I’m sure that there’s lots of science behind exactly where you should go (above/below the water line) and how deep you should dig – but it really all comes down to how desperate you are doesn’t it? Remember that we’re there to enjoy the environment, landscape and scenery – not to spoil it for others, so keep waste to a minimum and be considerate of those who will visit in the future.

*There’s actually a lot of thought that’s gone into the official guide to defecating in the wild, but ours is more real – and what actually happens.


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3 comments to Paddler’s Poo Protocol

  • Richard

    sorry mate but you forgot to add the most important bit: – that the ‘site’ of your article’s activity must be below the high water mark.

    Here is some info from an article Mark Rainsley : –

    Where’s the loo? Do your business well away from camp, between the high and low tide mark. Burn paper and bury everything. Some paddlers carry out all waste in tubes. Alternatively, wait for or walk to a public toilet

    or below from Douglas Wilcox’s excellent article on organising a camping trip which also covers the issue of camp fires that Chelsea Kayak CLub has to address when in Scotland (ie: We should always try to build a fire on the beach, preferably below the high water mark.)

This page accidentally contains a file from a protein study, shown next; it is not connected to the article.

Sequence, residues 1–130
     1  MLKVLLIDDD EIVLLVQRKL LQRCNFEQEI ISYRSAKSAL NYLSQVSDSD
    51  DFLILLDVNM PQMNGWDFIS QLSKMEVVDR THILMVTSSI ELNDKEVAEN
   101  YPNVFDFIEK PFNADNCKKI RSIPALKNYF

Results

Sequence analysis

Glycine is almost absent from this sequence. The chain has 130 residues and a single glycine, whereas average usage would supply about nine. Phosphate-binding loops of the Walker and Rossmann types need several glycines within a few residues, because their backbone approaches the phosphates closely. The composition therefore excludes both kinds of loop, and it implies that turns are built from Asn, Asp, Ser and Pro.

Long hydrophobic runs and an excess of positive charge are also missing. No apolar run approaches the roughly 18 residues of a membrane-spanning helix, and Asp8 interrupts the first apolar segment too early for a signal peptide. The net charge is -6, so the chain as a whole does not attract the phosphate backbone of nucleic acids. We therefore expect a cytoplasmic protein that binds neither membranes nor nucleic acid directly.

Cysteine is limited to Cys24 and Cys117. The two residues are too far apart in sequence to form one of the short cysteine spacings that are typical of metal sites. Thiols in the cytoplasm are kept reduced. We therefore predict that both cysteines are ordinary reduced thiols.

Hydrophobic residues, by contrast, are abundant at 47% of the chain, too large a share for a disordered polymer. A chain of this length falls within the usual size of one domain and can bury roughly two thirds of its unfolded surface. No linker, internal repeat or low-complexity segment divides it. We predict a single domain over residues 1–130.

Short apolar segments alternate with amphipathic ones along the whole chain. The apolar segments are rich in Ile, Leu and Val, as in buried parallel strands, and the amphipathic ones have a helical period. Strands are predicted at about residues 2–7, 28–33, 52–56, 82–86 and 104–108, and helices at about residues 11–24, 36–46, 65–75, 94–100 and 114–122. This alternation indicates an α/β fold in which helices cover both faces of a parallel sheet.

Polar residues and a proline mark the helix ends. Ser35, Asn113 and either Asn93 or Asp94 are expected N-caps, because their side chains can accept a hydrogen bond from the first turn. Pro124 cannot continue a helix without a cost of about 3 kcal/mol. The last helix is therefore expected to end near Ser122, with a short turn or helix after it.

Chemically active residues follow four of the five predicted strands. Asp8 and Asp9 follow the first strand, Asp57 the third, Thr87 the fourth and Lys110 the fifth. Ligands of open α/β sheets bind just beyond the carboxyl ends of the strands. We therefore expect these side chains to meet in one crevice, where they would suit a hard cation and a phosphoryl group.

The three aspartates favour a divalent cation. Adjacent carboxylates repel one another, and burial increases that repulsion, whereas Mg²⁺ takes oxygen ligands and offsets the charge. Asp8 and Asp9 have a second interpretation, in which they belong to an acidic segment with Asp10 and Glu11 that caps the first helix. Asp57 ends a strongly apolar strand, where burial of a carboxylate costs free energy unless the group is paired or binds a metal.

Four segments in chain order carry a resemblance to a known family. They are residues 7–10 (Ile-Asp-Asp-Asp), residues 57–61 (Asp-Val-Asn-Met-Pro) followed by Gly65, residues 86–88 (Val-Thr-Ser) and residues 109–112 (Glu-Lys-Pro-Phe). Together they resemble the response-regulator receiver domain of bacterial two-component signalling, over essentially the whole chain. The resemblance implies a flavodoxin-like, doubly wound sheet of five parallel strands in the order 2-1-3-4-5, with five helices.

Where to “go”
    It is best to urinate below high water mark on the
    beach. If you need a pee during the night, make an effort
    to go to the beach; don’t pee just beside the tent. The
    next camper may be preparing food on that spot. To
    avoid a night time excursion, males can use an old
    plastic milk bottle in the tent at night. Females can
    purchase a custom device such as a TravelMate. In the
    morning dispose of the urine below high water mark,
    never on land near running water.
    As sea kayakers it is usually best to defecate below
    high water mark. Walk well away from the landing beach
    and find a secluded spot in the rocks. Wrap your toilet
    tissue up tightly. Some wet tissues are antiseptic and
    good for washing hands afterwards but beware of dirt
    under your nails. Put the tissues in a food grade poly bag
    with a ziplock. Either pack it out or burn it in your fire
    later. The same goes for female sanitary products. If